John Radford

No one would claim that John Radford was one of the more flamboyant players in Arsenal's history. But he was undoubtedly one of the most effective.

The Yorkshireman is remembered for his contribution to the golden years of the early Seventies but his loyalty to the Arsenal cause stretched way beyond that. Radford joined the club as an apprentice in 1962 and did not leave until December 1976 after making 481 appearances for the Gunners. Indeed, only Cliff Bastin, Ian Wright and Thierry Henry have scored more goals in an Arsenal shirt.

Radford's tally of 149 is a decent haul by any standards but this centre forward provided so much more than goals. Joe Baker, George Graham, Ray Kennedy and Brian Kidd all had the pleasure of playing alongside Radford and all benefited from his ability to occupy defenders and create space for others. No wonder Radford rarely hogged the limelight; he was too busy doing the dirty work.

Perhaps the best example of that came in the 1971 FA Cup Final. Eddie Kelly and Charlie George scored the goals which clinched the Double, but who provided the assists? That's right - John Radford.

Of course, he had his moments in the spotlight. A towering header which gave Arsenal the edge in the Fairs Cup Final against Anderlecht in 1970 springs to mind, while Radford's treble against Wolves in January 1965, at the age of 17 years and 315 days, made him Arsenal's youngest ever hat-trick scorer. His record stands to this day.

Radford's happy knack for scoring had been evident from an early age and showed no signs of slowing as he matured. After a hatful of goals for the youth and reserve teams, he blossomed under the management of Bertie Mee. Radford struck 19 times in 1968/69, despite being shunted out to the right wing. He matched that tally the following campaign, a season which culminated in that Fairs Cup triumph - Arsenal's first trophy for 17 years.

Now fully established at centre forward, Radford hit 21 in the 1970/71 Double season, flourishing alongside strike partner Ray Kennedy. By now England had come calling, although Sir Alf Ramsey only gave the Arsenal star two caps, more than two years apart. The disappointment didn't affect Radford at club level though. The goals flowed again despite Arsenal's failure to follow up their Double success in 1972 and 1973.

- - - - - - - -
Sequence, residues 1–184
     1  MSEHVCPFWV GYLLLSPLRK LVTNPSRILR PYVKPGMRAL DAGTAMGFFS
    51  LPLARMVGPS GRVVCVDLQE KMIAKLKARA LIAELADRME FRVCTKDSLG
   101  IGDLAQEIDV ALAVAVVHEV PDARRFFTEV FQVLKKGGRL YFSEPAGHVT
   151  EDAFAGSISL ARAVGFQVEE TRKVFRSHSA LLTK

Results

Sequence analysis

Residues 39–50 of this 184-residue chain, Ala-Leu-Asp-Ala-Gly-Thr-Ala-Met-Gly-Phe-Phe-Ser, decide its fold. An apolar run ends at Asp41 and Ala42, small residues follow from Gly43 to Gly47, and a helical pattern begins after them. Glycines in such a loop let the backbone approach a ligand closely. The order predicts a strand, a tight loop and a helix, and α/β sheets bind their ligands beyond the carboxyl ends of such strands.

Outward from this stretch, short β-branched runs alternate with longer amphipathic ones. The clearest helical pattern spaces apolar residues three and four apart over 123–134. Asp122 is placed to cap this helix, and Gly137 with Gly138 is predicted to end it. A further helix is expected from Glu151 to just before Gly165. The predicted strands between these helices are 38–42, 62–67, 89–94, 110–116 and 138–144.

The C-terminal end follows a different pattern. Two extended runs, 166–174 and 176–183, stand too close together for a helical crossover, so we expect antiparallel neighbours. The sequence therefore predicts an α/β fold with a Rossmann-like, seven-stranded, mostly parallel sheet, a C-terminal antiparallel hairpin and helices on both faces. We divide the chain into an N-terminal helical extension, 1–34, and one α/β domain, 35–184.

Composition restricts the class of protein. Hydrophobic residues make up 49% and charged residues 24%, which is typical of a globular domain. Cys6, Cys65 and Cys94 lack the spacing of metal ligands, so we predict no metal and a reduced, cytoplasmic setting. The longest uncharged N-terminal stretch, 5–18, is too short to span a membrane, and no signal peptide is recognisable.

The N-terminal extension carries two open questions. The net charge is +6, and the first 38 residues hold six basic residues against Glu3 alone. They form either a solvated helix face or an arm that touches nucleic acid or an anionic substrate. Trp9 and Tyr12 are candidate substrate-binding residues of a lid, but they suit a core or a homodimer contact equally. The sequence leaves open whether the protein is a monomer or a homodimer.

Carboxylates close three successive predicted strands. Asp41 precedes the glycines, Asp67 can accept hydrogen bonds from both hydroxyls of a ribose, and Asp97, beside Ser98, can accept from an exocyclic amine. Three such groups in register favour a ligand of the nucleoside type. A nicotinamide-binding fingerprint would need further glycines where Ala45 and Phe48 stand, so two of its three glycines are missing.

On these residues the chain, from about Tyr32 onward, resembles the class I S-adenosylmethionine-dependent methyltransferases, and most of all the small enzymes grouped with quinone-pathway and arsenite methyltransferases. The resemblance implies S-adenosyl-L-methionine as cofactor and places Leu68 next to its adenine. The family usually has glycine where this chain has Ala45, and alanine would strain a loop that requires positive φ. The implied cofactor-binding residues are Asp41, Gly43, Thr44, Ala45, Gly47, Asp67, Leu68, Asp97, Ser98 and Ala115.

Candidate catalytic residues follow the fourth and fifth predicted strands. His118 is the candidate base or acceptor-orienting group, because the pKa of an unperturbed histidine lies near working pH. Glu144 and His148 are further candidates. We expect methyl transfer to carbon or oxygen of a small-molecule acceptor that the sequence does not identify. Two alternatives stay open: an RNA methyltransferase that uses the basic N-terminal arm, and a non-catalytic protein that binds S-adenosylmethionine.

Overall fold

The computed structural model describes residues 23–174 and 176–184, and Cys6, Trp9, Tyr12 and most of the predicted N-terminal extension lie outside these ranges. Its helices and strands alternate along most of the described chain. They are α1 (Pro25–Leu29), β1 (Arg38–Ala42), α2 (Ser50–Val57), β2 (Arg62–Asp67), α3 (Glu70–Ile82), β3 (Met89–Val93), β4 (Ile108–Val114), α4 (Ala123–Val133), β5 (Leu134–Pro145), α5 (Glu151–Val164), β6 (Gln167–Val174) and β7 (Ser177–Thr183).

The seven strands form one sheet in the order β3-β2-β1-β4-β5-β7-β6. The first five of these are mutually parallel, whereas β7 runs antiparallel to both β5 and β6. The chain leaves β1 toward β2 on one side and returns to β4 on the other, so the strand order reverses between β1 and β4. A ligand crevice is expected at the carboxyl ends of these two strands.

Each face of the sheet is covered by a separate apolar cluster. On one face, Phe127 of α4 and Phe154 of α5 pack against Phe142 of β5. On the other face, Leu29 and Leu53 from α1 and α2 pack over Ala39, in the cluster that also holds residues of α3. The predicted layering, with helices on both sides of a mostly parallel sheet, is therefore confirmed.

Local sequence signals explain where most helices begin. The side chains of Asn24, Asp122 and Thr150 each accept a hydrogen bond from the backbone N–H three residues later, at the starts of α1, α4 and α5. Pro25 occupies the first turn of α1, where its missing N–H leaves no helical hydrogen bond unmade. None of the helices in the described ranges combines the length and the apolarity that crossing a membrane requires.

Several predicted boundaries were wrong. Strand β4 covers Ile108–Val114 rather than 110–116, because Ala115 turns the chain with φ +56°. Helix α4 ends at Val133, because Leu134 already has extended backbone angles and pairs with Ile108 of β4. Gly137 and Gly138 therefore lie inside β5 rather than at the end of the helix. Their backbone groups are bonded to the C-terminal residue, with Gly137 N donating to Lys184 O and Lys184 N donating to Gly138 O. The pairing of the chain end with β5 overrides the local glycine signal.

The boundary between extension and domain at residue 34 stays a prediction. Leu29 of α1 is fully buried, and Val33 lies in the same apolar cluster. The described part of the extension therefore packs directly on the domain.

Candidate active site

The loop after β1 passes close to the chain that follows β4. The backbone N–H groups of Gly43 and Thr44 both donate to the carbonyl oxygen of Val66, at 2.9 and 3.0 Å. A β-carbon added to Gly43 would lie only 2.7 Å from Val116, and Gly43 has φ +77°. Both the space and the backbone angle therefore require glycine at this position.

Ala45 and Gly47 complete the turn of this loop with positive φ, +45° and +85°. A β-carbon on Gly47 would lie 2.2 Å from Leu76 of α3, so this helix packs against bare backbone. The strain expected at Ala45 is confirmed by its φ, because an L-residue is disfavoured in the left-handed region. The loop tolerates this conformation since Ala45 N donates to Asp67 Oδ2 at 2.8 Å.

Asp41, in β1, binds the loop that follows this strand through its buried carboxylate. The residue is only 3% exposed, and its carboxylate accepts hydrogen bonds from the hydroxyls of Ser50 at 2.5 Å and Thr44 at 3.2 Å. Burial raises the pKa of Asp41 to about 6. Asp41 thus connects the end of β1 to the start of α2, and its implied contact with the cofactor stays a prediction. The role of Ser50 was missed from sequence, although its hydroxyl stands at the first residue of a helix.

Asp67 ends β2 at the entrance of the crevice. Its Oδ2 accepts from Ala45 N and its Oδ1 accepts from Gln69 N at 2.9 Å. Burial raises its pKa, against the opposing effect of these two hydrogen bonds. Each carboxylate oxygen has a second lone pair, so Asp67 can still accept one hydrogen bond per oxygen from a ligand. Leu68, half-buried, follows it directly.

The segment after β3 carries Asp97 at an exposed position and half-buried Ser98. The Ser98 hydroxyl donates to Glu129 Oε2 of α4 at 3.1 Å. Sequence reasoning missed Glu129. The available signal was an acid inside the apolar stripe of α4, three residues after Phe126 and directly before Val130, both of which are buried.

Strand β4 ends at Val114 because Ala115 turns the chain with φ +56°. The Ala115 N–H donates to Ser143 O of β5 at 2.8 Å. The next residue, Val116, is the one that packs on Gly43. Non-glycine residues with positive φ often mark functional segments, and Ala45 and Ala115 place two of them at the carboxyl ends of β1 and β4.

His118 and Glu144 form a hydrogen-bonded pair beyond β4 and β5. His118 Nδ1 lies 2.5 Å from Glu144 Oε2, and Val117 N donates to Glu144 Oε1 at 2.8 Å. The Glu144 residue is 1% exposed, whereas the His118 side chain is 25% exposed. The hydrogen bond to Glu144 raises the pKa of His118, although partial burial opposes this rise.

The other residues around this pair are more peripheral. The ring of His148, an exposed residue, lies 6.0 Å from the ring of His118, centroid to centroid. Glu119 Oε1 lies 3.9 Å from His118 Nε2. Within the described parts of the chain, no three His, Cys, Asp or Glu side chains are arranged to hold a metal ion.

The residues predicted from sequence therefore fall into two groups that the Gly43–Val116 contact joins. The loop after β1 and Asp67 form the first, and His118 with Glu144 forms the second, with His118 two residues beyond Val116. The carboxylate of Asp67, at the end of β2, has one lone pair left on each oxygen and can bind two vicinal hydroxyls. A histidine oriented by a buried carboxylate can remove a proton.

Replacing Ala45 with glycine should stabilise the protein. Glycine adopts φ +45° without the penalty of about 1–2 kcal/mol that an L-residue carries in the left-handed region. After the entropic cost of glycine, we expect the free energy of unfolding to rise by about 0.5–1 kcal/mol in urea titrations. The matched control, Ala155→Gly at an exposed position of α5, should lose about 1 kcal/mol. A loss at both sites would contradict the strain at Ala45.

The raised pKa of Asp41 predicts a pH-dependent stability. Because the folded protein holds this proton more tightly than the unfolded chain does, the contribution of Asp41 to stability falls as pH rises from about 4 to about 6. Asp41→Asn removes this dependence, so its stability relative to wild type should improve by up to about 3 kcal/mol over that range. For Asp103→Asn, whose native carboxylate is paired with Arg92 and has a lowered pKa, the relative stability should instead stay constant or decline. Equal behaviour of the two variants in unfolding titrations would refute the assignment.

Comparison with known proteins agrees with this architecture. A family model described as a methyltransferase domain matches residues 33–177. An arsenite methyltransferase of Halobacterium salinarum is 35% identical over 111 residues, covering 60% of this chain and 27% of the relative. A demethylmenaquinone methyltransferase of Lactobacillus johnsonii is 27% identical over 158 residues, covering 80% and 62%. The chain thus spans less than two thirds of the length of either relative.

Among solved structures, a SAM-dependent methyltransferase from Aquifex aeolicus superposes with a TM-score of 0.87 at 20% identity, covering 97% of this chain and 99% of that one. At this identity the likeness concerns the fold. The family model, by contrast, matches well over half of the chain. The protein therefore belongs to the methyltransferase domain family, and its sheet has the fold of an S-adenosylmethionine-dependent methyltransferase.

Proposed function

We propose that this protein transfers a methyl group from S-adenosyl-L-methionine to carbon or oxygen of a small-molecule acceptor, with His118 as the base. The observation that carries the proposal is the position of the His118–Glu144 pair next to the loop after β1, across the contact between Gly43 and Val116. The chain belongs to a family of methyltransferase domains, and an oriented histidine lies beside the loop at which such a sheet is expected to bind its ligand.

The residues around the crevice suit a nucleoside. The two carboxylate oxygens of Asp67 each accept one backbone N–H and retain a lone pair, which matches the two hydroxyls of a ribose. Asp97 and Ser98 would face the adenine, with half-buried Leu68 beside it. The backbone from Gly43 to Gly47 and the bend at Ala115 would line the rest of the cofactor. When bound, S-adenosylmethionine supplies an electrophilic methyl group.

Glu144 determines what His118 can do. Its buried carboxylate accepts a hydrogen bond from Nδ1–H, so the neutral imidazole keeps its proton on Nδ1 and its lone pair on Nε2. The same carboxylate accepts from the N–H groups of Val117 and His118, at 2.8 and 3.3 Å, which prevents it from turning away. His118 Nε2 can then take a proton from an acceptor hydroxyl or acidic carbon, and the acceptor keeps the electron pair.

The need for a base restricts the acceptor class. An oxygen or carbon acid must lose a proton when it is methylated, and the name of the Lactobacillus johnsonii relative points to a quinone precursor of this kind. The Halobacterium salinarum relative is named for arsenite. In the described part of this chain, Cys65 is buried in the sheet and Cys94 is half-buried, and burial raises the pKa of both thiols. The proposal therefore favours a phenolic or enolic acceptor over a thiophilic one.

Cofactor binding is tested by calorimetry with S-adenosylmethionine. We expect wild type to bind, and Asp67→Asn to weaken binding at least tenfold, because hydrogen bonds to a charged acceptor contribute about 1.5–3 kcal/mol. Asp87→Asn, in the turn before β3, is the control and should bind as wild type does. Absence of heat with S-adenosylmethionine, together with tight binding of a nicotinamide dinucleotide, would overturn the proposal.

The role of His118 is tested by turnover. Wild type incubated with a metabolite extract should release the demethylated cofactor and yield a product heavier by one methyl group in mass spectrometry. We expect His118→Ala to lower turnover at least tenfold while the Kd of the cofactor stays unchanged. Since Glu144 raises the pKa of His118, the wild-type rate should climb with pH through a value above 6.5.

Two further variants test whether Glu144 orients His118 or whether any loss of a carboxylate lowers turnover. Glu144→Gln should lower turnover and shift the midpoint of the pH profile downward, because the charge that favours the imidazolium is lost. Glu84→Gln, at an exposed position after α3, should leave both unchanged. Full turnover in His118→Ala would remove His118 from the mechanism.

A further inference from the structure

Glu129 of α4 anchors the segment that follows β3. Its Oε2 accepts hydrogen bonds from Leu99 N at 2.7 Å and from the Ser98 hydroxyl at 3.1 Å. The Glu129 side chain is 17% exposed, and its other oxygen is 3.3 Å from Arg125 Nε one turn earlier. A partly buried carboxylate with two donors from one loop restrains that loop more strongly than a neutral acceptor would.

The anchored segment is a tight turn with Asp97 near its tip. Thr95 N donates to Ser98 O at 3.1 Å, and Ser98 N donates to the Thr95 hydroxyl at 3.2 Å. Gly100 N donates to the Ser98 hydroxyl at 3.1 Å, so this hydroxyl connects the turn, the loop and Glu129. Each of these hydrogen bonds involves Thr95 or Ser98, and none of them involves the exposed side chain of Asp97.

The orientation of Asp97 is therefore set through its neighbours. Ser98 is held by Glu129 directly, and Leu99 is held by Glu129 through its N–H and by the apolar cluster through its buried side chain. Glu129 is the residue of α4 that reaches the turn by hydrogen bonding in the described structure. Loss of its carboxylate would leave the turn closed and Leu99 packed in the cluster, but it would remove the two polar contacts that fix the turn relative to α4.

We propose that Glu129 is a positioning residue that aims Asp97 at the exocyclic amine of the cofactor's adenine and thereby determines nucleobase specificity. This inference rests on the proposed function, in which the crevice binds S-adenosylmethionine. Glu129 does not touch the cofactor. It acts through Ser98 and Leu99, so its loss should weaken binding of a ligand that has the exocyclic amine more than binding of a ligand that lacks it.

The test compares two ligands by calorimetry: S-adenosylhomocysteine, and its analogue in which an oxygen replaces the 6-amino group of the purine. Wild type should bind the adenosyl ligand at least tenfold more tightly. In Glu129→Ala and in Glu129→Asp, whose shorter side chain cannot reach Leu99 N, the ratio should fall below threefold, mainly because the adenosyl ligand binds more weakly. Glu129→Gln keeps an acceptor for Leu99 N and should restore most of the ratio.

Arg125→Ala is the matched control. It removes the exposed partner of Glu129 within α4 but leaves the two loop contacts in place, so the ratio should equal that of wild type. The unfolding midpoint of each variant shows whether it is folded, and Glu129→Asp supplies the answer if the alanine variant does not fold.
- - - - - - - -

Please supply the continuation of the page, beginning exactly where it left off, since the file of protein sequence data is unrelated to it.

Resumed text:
As Arsenal fell away in the mid-1970s, so did Radford's scoring rate and, after an injury-hit 1975/76 campaign, the Yorkshireman dropped down the pecking order behind a new strike partnership of Malcolm Macdonald and Frank Stapleton. Now on the fringes of the team, he swapped Highbury for Upton Park in December 1976. West Ham could not have asked for a more committed footballer, but Arsenal had enjoyed the best years of John Radford.

"I was playing for QPR schoolboys as a 13-year-old when I took the bus from Charlton to Tottenham Court Rd and on the Central Line to White City. I was on my way there to train on the artificial pitch at Loftus Road but naively noticed a few fans making their way to the stadium.

"When I got there John Radford opened the door and asked me 'What are you doing here'? I said I was here for training. He had a little chuckle and then said to me 'There's no training tonight lad because there's a game on between QPR and Arsenal.

"I told him I'd travelled over 2 hours to get there. With amazing class Mr. Radford took my down to the local cafe bought me dinner and then I sat with him up near the directors area for the game. He then took me through the changing rooms to meet some of the players. I'll never forget that night 26 years ago. Cheers John!"
Chris O'Brien, Richmond, California

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